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Speech – Justice and Other Legislation Amendment Bill (6 October 2010)

Mr POWELL (Glass House–LNP) (2.36 pm): I rise to speak in relation to the Justice and Other Legislation Amendment Bill, which deals with minor technical arrangements to various pieces of legislation. I appreciate the efficiency of an omnibus bill such as this, but it does require particular scrutiny given the complexity and range of acts it amends. One series of amendments that require some scrutiny today are those amendments to the Industrial Relations Act 1999, specifically those clauses which deal with the role of an industrial relations commissioner simultaneously holding another office and with the commissioner simultaneously holding the particular office of a workplace rights ombudsman. Clearly, with the transfer of IR powers to the Commonwealth there is an issue around the workload for IR commissioners and the Ombudsman himself. There potentially is a need to allow such individuals to perform their roles on a part-time basis, but the question is: can you perform the duties of both roles part time simultaneously?
The Scrutiny of Legislation Committee’s Legislation Alert No. 12 draws our attention to these clauses on the basis that they may make rights and liberties dependent on an administrative power which may not be sufficiently defined. But another concern here is the independence of ombudsmen as per section 5 of the Ombudsman Act 2001. The rationale underlying the role of the Workplace Rights Ombudsman is that it is to be wholly independent of the executive and other branches of government. Although it is acknowledged that measures such as these which are proposed to be included will secure independence on paper, there is no guarantee that this will happen in practice. The rationale for this position is the same one underlying section 72(a) of the Ombudsman Act in which ombudsmen will no longer be able to hold office if they nominate for election to a parliament. Namely, it is to avoid potential conflicts of interest. This is an important prescriptive measure.
Furthermore, it is submitted that these amendments could be in conflict with section 58 of the Ombudsman Act which states that the Ombudsman is not a Public Service employee, even though it is acknowledged that many ombudsmen actually do come from the Public Service.
Ms Grace interjected.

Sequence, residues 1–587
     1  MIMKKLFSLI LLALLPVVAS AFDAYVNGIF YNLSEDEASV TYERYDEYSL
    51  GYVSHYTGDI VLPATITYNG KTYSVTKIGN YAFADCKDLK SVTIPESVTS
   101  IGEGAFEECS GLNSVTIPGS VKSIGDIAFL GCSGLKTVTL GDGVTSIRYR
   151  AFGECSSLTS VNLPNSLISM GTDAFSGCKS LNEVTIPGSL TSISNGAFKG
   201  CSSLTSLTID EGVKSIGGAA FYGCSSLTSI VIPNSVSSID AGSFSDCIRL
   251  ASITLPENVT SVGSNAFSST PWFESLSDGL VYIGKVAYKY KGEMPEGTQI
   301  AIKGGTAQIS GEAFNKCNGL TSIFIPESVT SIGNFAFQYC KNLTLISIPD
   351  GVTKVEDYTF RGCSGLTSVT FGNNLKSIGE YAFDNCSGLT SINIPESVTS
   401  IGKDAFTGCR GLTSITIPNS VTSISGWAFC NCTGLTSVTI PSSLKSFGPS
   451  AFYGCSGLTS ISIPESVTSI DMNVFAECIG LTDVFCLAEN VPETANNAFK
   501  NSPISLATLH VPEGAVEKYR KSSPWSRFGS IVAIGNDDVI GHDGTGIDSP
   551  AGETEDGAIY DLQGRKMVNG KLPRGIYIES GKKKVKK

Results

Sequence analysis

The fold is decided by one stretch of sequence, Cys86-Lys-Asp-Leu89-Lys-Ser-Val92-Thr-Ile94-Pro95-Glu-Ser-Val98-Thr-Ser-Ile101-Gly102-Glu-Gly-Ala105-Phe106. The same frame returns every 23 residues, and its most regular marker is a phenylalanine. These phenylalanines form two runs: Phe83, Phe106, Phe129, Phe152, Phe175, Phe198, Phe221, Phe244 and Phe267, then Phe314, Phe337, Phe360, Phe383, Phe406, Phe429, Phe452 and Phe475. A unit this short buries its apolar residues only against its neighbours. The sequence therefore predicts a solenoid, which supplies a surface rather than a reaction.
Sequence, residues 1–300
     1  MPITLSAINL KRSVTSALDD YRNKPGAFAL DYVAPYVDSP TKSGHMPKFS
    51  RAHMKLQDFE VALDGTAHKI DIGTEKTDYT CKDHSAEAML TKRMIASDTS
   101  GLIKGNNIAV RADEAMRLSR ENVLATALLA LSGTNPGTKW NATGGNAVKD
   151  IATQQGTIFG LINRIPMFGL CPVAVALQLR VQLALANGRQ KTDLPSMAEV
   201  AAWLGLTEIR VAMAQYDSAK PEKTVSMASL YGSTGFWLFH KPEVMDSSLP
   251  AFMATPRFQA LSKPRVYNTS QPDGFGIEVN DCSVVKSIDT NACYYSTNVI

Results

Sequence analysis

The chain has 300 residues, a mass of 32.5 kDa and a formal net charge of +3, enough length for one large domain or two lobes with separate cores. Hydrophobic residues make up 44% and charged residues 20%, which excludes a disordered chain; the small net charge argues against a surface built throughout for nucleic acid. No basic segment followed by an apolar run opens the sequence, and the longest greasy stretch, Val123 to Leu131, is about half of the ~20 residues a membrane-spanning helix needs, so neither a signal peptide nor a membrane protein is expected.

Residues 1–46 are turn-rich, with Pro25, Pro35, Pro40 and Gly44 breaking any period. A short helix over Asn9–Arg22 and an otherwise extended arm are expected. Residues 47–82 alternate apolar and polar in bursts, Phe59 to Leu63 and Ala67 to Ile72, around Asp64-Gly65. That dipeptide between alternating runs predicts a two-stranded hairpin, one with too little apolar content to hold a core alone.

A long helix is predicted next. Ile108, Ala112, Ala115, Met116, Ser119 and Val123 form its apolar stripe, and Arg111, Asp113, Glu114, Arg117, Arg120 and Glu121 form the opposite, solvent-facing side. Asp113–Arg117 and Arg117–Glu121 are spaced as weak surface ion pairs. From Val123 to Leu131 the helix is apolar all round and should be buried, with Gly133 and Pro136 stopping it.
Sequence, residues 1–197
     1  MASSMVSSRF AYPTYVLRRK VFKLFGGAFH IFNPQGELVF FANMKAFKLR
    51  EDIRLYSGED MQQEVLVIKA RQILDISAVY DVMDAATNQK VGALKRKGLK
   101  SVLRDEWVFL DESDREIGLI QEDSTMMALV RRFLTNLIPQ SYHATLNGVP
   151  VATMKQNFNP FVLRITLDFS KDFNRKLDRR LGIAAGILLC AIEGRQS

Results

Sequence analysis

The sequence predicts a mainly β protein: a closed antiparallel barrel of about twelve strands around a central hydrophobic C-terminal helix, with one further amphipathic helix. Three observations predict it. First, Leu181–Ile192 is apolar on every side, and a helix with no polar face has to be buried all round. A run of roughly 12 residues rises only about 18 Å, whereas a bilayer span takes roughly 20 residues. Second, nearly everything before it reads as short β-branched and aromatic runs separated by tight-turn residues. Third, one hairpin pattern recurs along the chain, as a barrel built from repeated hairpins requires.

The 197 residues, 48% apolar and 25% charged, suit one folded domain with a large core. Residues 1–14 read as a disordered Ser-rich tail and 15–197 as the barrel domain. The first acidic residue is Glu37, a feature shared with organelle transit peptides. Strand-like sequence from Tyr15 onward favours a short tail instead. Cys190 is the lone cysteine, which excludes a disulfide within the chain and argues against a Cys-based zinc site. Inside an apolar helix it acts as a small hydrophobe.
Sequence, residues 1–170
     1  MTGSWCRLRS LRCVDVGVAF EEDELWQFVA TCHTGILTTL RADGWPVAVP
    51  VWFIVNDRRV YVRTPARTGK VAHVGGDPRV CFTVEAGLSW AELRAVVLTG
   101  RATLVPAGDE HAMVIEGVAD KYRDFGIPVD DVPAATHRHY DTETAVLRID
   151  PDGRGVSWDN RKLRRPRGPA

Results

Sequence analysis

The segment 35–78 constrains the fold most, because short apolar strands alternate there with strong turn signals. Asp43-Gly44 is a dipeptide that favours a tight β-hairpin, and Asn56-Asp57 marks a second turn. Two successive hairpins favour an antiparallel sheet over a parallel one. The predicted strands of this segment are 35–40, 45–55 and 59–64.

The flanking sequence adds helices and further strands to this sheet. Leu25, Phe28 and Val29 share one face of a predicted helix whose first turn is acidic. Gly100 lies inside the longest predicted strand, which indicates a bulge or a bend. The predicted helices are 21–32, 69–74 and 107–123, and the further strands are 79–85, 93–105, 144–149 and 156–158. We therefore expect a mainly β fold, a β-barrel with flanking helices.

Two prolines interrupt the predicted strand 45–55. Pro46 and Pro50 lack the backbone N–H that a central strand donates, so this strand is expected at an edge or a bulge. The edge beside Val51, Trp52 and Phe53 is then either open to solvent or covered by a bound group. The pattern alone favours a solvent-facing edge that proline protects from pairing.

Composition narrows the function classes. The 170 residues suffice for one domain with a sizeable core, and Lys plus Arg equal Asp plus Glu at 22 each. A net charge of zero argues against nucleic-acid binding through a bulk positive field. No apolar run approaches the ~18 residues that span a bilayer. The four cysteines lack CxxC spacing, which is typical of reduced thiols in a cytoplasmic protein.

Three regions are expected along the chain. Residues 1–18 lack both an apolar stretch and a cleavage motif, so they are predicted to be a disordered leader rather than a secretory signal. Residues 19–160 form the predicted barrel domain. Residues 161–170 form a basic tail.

Mr POWELL: I take that interjection from the member for Brisbane Central. I look forward to further clarification from the Attorney-General himself. This is presumably done in order that the ombudsmen have a better grasp of the implications of their role and that they will be better suited to make decisions having regard to considerations which affect the Public Service. However, giving persons simultaneous access to the role of Ombudsman as well as a commissioner, in which the decision-making power and interests of the latter are significantly more onerous than that of a public servant, will only succeed in complicating the role of both officers and place unnecessary extra burden on the person who holds both offices.
 
Two administrative law scholars, Peter Cane and Leighton McDonald, have said that the Office of the Ombudsman may be understood as part of a system of political accountability centred on parliament. They also note that the current nature of the relationships that ombudsmen need to cultivate with government agencies may seem problematic. Furthermore, and most importantly, they state that successful parliamentary scrutiny of the Executive depends on the maintenance of a degree of adversariness in the relationship between overseer and overseen, and that the current structure of the institution of the ombudsman already seems to make this type of relationship difficult to develop and realise. Therefore, the consequences of this process of counter demarcation will undoubtedly take the form of straining this already tenuous arrangement to the point of absurdity. The cumulative effect of burdening a person, in practice, with asymmetric responsibilities and goals of occupying both offices, despite the provisions seeking to prevent this, and the erosion of the principles underlying the current institutional arrangement will fall hardest on those who feel it necessary to complain about the executive. In conclusion, I ask the Attorney-General, in his summation, to give consideration to these concerns.

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